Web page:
Twitter: a legal mine-field

Twitter. It’s brilliant right? Instant updates from your friends or family across the world in a perfect bite-sized chunk of 140 characters. You can comment, reply, direct message or tweet to the Twitterverse about your dog, your dinner or your new hairdo.

But what about revealing a superinjunction? Or messaging the defendant of a drugs trial?

The average user in their lifetime on Twitter will never approach such issues, but what can seem like a passing remark about a case that’s in the news could actually land you in hot water – or in some cases, jail.

So how can a mere 140 characters potentially end up in a legal battle?

The first thing to recognise is that the internet isn’t free from the law. Although anyone can post on the internet, if what is posted is offensive, it can still get the author in a lot of trouble.

For example, if you post a hateful message about someone which could potentially damage their reputation, you could be seen in a court as committing libel. You may have posted it in haste or as a throwaway comment but once it’s been read – perhaps by your 250 followers – you have written a defamatory statement.

In the eyes of the law, you haven’t even got to name a person to commit a libellous offence. By inferring who it might be, that could be enough to identify that person, and leave you at risk.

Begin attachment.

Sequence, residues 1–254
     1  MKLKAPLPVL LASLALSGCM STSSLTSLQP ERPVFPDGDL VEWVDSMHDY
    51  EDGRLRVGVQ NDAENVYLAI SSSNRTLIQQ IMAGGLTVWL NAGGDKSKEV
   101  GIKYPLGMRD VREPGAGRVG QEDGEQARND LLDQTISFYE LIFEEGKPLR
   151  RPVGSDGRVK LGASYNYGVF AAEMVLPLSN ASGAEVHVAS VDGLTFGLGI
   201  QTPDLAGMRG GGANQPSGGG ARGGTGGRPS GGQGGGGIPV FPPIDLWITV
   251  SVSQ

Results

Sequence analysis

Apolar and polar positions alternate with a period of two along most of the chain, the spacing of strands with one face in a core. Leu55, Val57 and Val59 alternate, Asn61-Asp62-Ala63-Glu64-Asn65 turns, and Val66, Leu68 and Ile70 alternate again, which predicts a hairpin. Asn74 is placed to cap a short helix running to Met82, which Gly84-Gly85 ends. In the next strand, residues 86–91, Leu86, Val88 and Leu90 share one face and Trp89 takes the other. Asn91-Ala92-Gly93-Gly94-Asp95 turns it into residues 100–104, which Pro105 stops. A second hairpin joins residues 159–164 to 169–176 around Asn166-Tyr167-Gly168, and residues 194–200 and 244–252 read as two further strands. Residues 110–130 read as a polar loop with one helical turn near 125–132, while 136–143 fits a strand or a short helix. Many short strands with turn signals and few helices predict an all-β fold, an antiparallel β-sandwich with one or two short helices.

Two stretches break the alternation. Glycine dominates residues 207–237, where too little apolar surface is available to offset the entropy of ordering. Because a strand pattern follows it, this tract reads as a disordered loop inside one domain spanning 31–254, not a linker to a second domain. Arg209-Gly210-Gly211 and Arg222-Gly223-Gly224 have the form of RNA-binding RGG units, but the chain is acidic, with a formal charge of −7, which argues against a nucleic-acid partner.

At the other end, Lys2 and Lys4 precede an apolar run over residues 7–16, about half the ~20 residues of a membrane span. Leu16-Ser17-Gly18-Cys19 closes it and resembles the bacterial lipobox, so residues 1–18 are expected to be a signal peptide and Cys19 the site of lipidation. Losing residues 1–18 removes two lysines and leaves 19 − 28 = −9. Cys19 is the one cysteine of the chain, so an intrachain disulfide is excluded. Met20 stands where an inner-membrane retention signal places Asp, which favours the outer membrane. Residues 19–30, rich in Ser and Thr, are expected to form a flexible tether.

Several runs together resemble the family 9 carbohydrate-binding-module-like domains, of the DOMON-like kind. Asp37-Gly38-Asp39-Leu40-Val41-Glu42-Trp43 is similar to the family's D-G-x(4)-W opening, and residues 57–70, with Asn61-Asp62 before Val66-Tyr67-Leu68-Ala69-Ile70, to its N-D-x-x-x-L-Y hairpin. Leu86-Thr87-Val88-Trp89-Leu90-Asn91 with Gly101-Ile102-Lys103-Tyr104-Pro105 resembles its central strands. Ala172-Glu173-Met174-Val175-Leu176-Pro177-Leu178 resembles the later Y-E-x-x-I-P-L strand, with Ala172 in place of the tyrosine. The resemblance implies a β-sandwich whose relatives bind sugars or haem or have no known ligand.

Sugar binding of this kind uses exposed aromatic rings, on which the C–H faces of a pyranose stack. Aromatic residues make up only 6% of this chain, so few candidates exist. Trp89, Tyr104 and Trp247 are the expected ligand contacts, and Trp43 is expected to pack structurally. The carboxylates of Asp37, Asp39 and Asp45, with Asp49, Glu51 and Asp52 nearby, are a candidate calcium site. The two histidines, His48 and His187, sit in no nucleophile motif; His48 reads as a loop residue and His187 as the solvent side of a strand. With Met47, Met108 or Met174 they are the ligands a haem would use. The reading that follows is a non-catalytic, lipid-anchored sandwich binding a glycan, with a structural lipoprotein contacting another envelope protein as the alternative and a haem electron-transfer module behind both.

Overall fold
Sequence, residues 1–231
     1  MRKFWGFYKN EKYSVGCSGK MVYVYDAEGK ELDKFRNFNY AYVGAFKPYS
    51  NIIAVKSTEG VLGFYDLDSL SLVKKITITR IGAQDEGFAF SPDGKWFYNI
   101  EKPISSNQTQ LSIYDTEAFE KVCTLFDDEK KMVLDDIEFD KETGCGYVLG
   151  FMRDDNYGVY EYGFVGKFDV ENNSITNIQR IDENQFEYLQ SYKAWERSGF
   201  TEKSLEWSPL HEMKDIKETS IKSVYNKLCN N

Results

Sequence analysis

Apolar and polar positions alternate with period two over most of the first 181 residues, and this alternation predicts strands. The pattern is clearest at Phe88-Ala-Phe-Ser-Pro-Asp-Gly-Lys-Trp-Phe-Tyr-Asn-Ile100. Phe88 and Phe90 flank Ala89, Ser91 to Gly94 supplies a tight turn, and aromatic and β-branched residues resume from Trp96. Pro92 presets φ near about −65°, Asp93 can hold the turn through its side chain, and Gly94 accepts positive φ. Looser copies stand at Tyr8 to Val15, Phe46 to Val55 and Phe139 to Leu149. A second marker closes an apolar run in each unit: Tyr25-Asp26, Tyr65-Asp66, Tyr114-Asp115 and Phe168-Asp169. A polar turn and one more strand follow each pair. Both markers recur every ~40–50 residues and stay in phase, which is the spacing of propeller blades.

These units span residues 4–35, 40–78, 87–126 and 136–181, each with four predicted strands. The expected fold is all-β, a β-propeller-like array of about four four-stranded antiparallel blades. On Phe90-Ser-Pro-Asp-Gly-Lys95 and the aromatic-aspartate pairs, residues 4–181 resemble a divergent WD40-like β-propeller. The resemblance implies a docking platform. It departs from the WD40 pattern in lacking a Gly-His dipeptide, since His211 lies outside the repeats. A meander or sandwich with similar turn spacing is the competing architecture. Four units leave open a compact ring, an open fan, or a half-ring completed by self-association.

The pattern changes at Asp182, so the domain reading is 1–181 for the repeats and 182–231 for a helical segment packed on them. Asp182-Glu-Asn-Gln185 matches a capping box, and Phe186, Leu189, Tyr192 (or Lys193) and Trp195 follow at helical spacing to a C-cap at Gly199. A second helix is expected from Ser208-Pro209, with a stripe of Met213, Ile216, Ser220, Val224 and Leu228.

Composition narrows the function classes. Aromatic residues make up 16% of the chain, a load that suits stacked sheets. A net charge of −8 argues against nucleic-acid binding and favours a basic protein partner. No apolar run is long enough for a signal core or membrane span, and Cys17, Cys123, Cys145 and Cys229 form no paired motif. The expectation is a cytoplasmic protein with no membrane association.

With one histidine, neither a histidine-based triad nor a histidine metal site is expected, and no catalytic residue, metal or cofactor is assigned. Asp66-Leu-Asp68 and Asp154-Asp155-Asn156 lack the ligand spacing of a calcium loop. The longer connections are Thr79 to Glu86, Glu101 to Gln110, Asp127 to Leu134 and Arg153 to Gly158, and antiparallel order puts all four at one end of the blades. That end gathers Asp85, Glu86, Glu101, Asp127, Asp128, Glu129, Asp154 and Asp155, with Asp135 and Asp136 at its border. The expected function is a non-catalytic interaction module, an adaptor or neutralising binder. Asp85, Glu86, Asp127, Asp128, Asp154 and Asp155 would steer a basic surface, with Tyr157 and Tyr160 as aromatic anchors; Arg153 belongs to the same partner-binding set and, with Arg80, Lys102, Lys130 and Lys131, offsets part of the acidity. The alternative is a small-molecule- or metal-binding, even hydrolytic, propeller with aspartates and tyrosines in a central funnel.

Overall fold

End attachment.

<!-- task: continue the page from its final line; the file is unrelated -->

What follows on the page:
Recent figures have shown that “46% of 18- to 24-year-olds are unaware they can be sued for defamation if they tweet an unsubstantiated rumour about someone, according to research for law firm Wiggin”.

Peaches Geldof inadvertently named two co-defendants in the recent trial of former Lostprophets frontman Ian Watkins. She was unaware that victims of sexual offences are given lifetime anonymity automatically, unless they deliver in writing a letter to the courts allowing themselves to be named. This protects the victim on numerous levels and allows them to move forward with their life.

The women in this case were the mothers of the victims. By naming them, the victims can be ‘jigsaw identified’. The price for doing so? As this is a criminal offence, a potential jail sentence and hefty fine.

The attorney general is due to publish court advisory notes that until now have been reserved for mainstream media outlets. Will education stem the problem? Keep yourself safe, heed the advice and think before you tweet.

This blog post was originally written for

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